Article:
I’ve been eating turmeric all my life,” Kuruvita explained in the earlier masterclass attributing it to his family enjoying generations of good health. We can now taste his lessons on the palette of Sri Lankan flavours - fresh curry leaves, lime, cardamom, fenugreek, ginger and Indian green chillies - in ridge gourd curry cooked in coconut cream. This one might be an acquired taste.



I’m more impressed with the banana blossom (vazhaipoo) curry, which is intriguingly tannic, like tea.



Even just taking a tiny taste of each, there's a maelstrom of flavours, making it hard to pay attention and hone into each and every dish.



Cooking curry at this size comes with some setbacks. I find the Malay beef curry watery, preferring the old fashioned chicken curry as a result. Both of these meat dishes begged for more heat, which is probably the fault of eating them at a please-all dinner catering to over a hundred guests.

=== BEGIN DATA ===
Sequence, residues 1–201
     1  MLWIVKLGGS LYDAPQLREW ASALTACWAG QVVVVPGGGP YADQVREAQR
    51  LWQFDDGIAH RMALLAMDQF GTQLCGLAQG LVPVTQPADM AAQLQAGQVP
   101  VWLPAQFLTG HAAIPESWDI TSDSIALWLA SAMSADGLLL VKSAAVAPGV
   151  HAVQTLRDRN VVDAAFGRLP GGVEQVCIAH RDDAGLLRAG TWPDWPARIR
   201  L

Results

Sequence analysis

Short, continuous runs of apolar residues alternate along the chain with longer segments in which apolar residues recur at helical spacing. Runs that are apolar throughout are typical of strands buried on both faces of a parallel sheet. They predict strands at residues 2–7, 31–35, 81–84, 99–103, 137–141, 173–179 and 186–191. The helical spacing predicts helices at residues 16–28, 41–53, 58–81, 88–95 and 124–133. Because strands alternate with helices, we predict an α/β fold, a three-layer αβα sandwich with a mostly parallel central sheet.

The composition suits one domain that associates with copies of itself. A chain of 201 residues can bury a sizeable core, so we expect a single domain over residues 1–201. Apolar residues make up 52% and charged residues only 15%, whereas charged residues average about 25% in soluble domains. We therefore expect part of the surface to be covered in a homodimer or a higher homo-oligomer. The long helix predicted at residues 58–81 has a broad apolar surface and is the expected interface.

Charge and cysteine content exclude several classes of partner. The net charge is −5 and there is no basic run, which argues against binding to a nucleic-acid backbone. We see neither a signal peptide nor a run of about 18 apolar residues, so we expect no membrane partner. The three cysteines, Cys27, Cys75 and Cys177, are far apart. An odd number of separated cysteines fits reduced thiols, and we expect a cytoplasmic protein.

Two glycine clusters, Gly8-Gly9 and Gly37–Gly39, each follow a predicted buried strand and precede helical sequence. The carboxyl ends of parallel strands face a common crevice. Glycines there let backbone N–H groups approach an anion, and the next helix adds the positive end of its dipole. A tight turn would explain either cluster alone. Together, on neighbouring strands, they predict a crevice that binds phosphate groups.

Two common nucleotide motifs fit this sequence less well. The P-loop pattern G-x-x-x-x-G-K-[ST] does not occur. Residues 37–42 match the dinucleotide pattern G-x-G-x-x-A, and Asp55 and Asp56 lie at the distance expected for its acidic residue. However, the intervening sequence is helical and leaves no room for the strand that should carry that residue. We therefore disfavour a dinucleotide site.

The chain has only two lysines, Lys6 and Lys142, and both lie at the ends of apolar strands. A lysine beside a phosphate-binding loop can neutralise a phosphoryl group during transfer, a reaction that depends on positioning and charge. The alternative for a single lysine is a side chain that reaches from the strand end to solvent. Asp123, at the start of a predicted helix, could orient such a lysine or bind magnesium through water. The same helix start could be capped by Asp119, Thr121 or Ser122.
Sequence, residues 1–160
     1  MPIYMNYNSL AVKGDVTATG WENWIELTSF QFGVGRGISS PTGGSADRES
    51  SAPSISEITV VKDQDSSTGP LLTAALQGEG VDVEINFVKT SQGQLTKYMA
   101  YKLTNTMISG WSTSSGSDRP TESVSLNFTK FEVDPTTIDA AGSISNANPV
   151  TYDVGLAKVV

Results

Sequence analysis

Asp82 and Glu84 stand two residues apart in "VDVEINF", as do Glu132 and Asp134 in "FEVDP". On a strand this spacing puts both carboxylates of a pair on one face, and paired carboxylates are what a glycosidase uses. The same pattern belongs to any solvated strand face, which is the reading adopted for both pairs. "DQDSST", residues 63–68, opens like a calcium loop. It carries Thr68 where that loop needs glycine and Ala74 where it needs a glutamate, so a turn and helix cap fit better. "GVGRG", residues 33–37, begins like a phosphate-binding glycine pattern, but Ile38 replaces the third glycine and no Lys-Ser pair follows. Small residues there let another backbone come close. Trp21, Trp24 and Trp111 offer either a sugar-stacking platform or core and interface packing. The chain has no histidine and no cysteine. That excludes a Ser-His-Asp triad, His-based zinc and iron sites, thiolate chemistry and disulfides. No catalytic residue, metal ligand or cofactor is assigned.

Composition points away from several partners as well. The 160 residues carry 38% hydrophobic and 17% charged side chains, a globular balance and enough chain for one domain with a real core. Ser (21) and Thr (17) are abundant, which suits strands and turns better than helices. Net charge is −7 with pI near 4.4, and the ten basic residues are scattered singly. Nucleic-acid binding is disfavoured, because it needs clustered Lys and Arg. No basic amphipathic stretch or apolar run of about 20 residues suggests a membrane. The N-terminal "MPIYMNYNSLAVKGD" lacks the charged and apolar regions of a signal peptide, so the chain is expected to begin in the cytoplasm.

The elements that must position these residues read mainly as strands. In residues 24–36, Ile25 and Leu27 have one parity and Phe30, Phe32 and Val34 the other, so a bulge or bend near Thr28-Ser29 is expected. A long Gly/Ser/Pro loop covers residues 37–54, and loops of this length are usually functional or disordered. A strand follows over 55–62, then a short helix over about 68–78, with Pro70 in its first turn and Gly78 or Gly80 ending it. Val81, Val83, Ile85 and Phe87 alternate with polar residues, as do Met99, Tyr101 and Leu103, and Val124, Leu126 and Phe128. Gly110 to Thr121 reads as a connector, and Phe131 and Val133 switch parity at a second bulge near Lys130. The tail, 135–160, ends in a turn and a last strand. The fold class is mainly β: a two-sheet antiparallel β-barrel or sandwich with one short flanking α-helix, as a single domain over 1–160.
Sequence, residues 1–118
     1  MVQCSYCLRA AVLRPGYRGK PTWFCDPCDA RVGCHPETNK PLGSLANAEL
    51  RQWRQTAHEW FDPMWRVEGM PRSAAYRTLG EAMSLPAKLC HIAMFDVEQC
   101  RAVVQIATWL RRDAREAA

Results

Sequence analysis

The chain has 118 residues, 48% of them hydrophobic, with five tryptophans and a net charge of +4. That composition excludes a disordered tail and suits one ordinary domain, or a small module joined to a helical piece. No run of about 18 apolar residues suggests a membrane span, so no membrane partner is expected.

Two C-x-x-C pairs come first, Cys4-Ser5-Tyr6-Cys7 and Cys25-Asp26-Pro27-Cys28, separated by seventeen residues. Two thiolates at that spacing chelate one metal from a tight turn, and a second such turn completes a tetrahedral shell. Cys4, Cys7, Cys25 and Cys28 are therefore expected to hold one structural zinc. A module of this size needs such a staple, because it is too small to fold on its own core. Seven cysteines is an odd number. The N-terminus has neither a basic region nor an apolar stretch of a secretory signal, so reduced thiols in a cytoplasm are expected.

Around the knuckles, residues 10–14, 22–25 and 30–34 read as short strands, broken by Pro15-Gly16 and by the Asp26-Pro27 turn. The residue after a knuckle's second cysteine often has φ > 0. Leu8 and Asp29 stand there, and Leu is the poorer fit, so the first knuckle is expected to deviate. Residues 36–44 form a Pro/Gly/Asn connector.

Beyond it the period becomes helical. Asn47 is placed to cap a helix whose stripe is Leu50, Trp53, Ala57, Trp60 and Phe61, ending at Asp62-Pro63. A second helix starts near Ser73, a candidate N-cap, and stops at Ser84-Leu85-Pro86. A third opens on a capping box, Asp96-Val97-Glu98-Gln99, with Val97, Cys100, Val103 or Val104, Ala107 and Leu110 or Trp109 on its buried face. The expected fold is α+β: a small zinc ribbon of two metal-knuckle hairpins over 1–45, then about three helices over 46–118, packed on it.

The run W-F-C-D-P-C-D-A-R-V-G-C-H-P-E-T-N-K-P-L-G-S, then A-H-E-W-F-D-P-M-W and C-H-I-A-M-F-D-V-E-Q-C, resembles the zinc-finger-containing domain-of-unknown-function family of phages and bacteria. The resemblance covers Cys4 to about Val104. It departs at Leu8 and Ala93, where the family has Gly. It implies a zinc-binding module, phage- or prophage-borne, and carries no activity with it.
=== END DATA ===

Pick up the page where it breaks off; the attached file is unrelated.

The only dish that had real heat was the cuttlefish in spicy sauce, making it my easy favourite of the night. The squid was tender and really came through the blend of turmeric, cumin, chilli powder, fenugreek, coriander and green chillies it had been cooked it.



While I prefer my tuna pink in the centre, the black tuna curry with black pepper and goroka (a sour fruit added for bitterness) was certainly a good introduction to the difference between Indian and Sri Lankan cuisines.



There are so many different flavours, textures, colours that we can show people,” enthused Kuruvita, who popped back into the dining room regularly to give some background to his dishes.



You could say the event was a success simplu based upon the fact that half the guests left with his personally signed book tucked under their arms, eager to explore Sri Lankan flavours in their own homes.



With the dinner wrapping up with verrine of buffalo curd, palmyra palm treacle, coconut crunch and Dilmah tea (you didn’t think Kuruvita would fail to fullfil his brand ambassador duties, did you?) it’s clear nobody will be leaving hungry. Kuruvita is slated to return to the Crowne Plaza Terrigal Pacific in November. I'd recommend the experience as good value whether you’re a local or a Sydney blow-in, keen to enjoy a foodie escape to Terrigal.


Seasalt Restaurant
Level 1, Crowne Plaza Terrigal,
Pine Tree Lane, Terrigal
Ph: (02) 4384 9133

Seasalt Restaurant Menu, Reviews, Photos, Location and Info - Zomato